7 Lessons I Learned In Retirement

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The retirement experience is different for everyone. There are many factors that affect what we do in retirement; health issues, age, finances, the geographical location where we live and family commitments. It has been one year since I retired from my full-time job. I want to share a few things I learned that I feel are important when preparing for retirement.

#1 Make a Life for Yourself

Make a life for yourself outside of your spouse and children ahead of retirement. Some people are fortunate and have defined interests they bring into retirement.  Others retire and realize things about themselves they never knew.  They become painters, writers, artists, builders, and entrepreneurs.

#2 Ease Into It

Some people retire and realize it isn’t for them and return to the workforce in short order. Don’t feel judged for your decisions, do what works for you and your family. Part-time work is also an option, as it can help you stay in touch with people, supplement your income and help maintain a schedule. Many retirees like the feel of every day being a weekend.

#3 What You Want To Do Might Surprise You 

Enthusiasm over finally having time to purge my belongings was short-lived.  It took months before I finally got to that project. I gave away things and had a garage sale. I am not going to lie, I didn’t enjoy doing it. It is difficult to let go of things when you come from the “I got that as a wedding present, so I must keep it until I die” generation.

#4 Make Plans Based on What Brings You Joy

Plan things that you enjoy doing. Having adventures to look forward to is important for your well-being. Take your dream vacation or curl up at home with a good book, whatever makes you feel good. I have four grandchildren and get immense joy from watching them learn and grow.

#5 Try New Things to Help You Find Your Retirement Niche

I wasn’t as ready for the rocking chair when I retired. There are many things I still want to do. I certainly don’t have all the answers. My retirement niche is still a mystery to me. I figure if I try a variety of new things, I am bound by the law of averages that one will be the right fit for me. At this stage in life, fear of not trying is worse than the fear of failing. Personal growth often creates some degree of worry about what people will think.

I feel challenged when I am in my creative space. A year ago, I didn’t know I had a creative side. I have been writing about growing up on the farm in Saskatchewan, adult life and retirement almost every day for a year. I never imagined I would write about my parents and growing up on the farm. Memories I had not thought about in years came flooding back. I felt compelled to start writing from the beginning of my life when my original intent was to start my story at retirement.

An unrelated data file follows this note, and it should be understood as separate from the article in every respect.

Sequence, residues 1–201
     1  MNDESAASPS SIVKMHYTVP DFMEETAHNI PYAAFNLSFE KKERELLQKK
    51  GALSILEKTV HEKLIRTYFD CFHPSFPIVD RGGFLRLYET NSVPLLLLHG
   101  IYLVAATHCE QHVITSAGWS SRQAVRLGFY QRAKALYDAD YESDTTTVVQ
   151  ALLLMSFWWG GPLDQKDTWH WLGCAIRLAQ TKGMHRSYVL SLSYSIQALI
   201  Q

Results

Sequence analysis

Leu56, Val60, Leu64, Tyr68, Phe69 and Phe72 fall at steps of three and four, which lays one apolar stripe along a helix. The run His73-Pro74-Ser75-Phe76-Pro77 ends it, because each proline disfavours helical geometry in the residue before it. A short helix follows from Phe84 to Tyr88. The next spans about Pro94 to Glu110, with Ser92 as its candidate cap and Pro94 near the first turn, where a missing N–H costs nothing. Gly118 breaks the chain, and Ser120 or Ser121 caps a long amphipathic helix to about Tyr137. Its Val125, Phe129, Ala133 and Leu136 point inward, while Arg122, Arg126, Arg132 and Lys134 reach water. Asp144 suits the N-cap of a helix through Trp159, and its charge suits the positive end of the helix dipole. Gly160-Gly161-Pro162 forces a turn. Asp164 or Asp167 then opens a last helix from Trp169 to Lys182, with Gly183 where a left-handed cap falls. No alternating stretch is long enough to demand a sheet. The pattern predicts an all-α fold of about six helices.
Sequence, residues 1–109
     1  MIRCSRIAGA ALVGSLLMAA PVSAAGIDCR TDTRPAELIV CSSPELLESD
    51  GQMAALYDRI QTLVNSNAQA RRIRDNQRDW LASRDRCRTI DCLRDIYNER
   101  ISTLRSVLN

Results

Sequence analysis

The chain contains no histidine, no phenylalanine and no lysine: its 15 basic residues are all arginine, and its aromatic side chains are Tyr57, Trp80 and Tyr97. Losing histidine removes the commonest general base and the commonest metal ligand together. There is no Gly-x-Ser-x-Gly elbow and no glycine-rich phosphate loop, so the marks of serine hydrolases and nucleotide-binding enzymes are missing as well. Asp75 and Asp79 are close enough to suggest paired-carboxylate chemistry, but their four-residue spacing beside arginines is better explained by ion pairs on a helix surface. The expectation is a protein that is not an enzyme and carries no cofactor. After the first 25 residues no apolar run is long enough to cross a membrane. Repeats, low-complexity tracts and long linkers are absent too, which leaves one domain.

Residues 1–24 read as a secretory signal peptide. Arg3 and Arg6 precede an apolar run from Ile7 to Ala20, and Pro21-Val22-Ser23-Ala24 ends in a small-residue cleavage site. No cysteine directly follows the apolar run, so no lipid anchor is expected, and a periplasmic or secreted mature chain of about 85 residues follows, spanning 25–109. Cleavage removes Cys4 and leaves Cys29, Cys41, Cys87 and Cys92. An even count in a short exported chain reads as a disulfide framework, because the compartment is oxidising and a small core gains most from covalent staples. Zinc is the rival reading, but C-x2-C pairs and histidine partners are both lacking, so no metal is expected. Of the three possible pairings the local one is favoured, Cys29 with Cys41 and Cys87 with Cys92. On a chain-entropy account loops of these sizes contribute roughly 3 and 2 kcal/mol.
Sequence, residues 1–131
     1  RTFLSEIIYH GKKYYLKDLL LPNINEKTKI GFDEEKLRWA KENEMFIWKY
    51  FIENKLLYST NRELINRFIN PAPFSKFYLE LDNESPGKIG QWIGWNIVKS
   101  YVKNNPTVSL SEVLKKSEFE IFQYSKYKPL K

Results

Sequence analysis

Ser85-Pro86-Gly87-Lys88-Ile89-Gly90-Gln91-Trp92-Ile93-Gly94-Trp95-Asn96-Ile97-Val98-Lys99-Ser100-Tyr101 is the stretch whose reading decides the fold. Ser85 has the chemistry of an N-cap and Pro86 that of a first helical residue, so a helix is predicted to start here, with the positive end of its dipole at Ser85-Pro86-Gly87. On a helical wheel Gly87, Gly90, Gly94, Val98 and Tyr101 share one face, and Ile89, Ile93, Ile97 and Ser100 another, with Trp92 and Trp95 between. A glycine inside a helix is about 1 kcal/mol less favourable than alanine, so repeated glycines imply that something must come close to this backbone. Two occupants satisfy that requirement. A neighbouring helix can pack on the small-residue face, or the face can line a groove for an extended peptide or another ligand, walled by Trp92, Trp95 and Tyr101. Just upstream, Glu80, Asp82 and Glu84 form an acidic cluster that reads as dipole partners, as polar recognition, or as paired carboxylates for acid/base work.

Never underestimate the healing power of creative expression.

#6 Let Go of Old Thought Patterns

Learning to appreciate people’s talents and telling them so is something I have worked on. I strive to be inspired by their success, not envious or defeated by it.

I no longer scratch the days off the calendar. I am trying to stop wishing my life away. I find I am less interested in the drama in the world around me. I don’t get the newspaper every week anymore and watch less television.

I keep my detailed to-do-list. I don’t think I will be ready to let that go anytime soon, but I am trying to be less rigid about getting things done.

#7 Re-evaluate Your Fears

When I talk to someone who is contemplating retirement, I ask them what it is about retirement that makes them the most anxious. Anxiety represents a threat of some kind, whether it is real or imagined, and those feelings need to be validated.

I had no clue what my identity was when I left my full-time job. Even when you make the decision to retire you still don’t know how to feel; set free, put out to pasture or replaced? Like anything in life, it depends on how you look at it.

It was difficult for me to make the decision to retire after thirty-seven years at the same job. I was afraid I would feel a sense of loss of friendship, my safe place, sense of belonging or be bored and lonely. Fortunately, so far, I have not struggled with those feelings.

I guess in a perfect world a person should have all their ducks in a row before they retire – financially and emotionally. The problem is, if you wait until everything is perfect you might spend your whole life waiting. Time is a gift that most of us take for granted. It moves on and things change, you can’t go back, it is never the same. Focus on the day in front of you and make the most of it.





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